WINNER: Julianne Moore. Her last super memorable role was Boogie Nights, but that is all behind her now. Forget Seventh Son. Forget the slew of forgettable supporting roles. Julianne Moore is running away with this award for her role in Still Alice, a story dealing with a woman slipping into early-onset Alzheimer’s. This is a very highly contested category, but I think it has been Moore’s race all along.
Runner Up: Felicity Jones

PERFORMANCE BY AN ACTRESS IN A SUPPORTING ROLE

Patricia Arquette in Boyhood
Laura Dern in Wild
Keira Knightley in The Imitation Game
Emma Stone in Birdman or (The Unexpected Virtue of Ignorance)
Meryl Streep in Into the Woods

WINNER: Patricia Arquette. She’s been cleaning up at award shows for her performance in Boyhood and this should be no different. It is completely different from every other role in this category and without her character in the movie, it just isn’t the same. She also does something no other actress in Hollywood would do for a role; she is allowed to age on screen before our eyes.

Runner Up: Meryl Streep

ACHIEVEMENT IN DIRECTING

Alejandro G. Iñárritu, Birdman or (The Unexpected Virtue of Ignorance)
Richard Linklater, Boyhood
Bennett Miller, Foxcatcher
Wes Anderson, The Grand Budapest Hotel
Morten Tyldum, The Imitation Game
WINNER: Richard Linklater. Boyhood was filmed over the course of decades, in which the cast and crew were working on other projects. The fact that Linklater could keep it going, keep it funded, and keep interest in the project high enough to complete this deserves an award yet to be named. It is truly an achievement in directing. This one should be text book.

Runner Up: Alejandro Inarritu

ADAPTED SCREENPLAY

American Sniper
Written by Jason Hall
The Imitation Game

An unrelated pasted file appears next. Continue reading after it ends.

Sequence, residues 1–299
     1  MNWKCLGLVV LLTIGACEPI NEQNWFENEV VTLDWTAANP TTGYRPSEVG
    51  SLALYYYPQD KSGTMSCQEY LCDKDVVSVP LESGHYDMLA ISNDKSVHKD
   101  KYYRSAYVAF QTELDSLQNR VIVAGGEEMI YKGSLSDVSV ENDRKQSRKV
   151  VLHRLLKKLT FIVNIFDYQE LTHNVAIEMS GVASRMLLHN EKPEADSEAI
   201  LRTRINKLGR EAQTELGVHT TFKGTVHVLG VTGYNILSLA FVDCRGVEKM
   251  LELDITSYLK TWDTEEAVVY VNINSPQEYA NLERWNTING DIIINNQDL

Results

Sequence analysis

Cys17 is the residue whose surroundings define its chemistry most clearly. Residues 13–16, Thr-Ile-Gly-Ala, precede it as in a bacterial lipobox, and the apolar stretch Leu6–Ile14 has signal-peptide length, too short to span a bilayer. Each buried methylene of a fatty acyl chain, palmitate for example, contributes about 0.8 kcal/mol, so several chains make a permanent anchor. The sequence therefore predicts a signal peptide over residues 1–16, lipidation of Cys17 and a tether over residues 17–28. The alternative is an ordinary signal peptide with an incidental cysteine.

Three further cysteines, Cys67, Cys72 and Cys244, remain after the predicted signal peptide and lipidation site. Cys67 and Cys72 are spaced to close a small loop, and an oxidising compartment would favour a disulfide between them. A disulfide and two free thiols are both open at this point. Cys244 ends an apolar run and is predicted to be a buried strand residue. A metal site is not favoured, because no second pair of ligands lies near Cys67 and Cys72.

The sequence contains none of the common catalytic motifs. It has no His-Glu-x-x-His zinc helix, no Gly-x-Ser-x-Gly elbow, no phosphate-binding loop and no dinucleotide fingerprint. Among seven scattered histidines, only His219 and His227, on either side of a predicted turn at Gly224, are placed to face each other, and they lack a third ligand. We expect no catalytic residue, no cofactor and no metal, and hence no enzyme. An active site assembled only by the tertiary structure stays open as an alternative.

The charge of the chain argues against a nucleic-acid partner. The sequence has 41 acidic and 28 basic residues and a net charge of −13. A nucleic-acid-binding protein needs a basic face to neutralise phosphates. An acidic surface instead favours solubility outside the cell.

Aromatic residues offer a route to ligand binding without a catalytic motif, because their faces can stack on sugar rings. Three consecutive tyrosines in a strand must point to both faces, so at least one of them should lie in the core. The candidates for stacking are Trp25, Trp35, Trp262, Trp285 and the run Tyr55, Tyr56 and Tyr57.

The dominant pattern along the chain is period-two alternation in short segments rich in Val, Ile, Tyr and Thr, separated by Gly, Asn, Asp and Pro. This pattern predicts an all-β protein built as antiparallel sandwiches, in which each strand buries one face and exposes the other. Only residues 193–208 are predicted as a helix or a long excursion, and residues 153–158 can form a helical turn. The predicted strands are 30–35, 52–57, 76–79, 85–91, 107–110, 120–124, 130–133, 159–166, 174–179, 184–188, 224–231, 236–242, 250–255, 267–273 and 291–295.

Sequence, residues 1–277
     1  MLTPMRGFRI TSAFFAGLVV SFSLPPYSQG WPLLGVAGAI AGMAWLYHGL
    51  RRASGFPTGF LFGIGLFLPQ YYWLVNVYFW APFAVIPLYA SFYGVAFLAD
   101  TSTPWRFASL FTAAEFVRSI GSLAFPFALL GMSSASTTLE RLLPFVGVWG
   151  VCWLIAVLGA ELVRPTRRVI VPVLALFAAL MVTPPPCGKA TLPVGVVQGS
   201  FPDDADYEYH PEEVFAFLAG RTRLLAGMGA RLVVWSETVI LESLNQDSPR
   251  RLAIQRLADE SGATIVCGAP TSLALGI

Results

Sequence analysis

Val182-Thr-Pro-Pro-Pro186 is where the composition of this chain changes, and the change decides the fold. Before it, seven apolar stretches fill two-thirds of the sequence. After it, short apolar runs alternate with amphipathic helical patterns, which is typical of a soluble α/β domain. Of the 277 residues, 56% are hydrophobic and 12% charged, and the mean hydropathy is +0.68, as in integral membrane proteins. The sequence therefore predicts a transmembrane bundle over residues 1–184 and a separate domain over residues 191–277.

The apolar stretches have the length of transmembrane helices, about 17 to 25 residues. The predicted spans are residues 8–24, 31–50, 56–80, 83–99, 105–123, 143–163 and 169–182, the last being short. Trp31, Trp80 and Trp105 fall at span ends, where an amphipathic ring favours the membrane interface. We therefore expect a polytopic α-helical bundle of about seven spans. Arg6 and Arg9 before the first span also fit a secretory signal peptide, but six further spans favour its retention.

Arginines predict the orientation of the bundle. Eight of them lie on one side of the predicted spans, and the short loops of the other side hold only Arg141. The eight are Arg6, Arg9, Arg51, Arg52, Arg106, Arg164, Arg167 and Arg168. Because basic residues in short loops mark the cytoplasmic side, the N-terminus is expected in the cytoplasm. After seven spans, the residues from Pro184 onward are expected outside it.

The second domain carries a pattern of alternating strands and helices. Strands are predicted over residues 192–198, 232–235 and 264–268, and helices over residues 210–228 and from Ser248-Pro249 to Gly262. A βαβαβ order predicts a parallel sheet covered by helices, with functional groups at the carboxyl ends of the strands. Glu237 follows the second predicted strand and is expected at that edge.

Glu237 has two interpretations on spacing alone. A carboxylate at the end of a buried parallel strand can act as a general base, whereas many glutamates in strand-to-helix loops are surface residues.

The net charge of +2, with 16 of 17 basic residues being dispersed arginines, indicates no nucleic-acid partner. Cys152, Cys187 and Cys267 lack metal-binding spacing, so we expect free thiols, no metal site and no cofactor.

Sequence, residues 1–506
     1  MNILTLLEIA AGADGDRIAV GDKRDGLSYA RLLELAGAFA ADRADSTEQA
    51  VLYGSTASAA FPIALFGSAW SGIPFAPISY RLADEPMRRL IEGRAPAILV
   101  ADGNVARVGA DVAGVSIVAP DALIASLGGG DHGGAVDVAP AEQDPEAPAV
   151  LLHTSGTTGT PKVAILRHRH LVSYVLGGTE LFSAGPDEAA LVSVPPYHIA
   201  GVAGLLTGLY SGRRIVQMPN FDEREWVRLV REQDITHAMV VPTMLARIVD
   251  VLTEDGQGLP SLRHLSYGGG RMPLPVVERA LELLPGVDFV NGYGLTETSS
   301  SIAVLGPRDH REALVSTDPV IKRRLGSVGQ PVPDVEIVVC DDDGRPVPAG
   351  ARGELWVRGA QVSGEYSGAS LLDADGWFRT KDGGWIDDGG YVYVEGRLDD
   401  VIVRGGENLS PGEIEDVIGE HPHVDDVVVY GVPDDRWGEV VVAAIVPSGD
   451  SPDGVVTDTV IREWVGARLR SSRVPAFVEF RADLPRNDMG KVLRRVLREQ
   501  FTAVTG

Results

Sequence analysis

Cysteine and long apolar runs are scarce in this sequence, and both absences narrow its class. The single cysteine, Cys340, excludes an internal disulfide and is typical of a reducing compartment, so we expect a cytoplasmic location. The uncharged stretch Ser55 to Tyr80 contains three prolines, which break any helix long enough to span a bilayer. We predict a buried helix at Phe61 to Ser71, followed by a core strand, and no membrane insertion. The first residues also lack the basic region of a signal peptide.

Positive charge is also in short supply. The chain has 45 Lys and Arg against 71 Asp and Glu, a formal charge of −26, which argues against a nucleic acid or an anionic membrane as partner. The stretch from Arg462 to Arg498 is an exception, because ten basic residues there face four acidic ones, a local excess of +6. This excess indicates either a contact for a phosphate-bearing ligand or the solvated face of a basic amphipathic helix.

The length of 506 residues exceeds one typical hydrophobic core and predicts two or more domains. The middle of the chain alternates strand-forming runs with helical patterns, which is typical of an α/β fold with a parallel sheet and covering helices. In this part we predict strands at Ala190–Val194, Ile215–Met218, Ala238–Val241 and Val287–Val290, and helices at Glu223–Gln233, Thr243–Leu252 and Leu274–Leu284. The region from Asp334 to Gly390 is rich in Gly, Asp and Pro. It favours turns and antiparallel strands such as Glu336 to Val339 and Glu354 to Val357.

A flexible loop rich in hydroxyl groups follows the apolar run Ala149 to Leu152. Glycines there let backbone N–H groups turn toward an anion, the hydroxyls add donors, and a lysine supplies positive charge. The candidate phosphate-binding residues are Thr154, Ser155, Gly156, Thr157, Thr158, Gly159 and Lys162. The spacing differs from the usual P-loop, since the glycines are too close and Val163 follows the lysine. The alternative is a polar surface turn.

Written by Graham Moore
Inherent Vice
Written for the screen by Paul Thomas Anderson
The Theory of Everything
Screenplay by Anthony McCarten
Whiplash
Written by Damien Chazelle

WINNER: American Sniper. It has to win something. Winning one of the major categories would be too much of a stance for Hollywood to take on such a polarizing movie. This is a “make up” award.

Runner Up: The Imitation Game

ORIGINAL SCREENPLAY

Birdman or (The Unexpected Virtue of Ignorance)
Written by Alejandro G. Iñárritu, Nicolás Giacobone, Alexander Dinelaris, Jr. & Armando Bo
Boyhood
Written by Richard Linklater
Foxcatcher
Written by E. Max Frye and Dan Futterman
The Grand Budapest Hotel
Screenplay by Wes Anderson; Story by Wes Anderson & Hugo Guinness
Nightcrawler
Written by Dan Gilroy

WINNER: Birdman. The slow unraveling of a movie star set to movies and filmed as if it were one long take. It must look INSANE on the page.

Runner Up: Boyhood

 

ACHIEVEMENT IN MUSIC WRITTEN FOR MOTION PICTURES (ORIGINAL SONG)

“Everything Is Awesome” from The Lego Movie
Music and Lyric by Shawn Patterson
“Glory” from Selma
Music and Lyric by John Stephens and Lonnie Lynn
“Grateful” from Beyond the Lights
Music and Lyric by Diane Warren
“I’m Not Gonna Miss You” from Glen Campbell…I’ll Be Me
Music and Lyric by Glen Campbell and Julian Raymond
“Lost Stars” from Begin Again
Music and Lyric by Gregg Alexander and Danielle Brisebois

WINNER: Glory. Selma got snubbed for a ton of awards, but this won’t be one of them.
Runner Up: Everything is Awesome

For everything else, go with The Grand Budapest Hotel.  It’s a lock.

 

Top Image: Facebook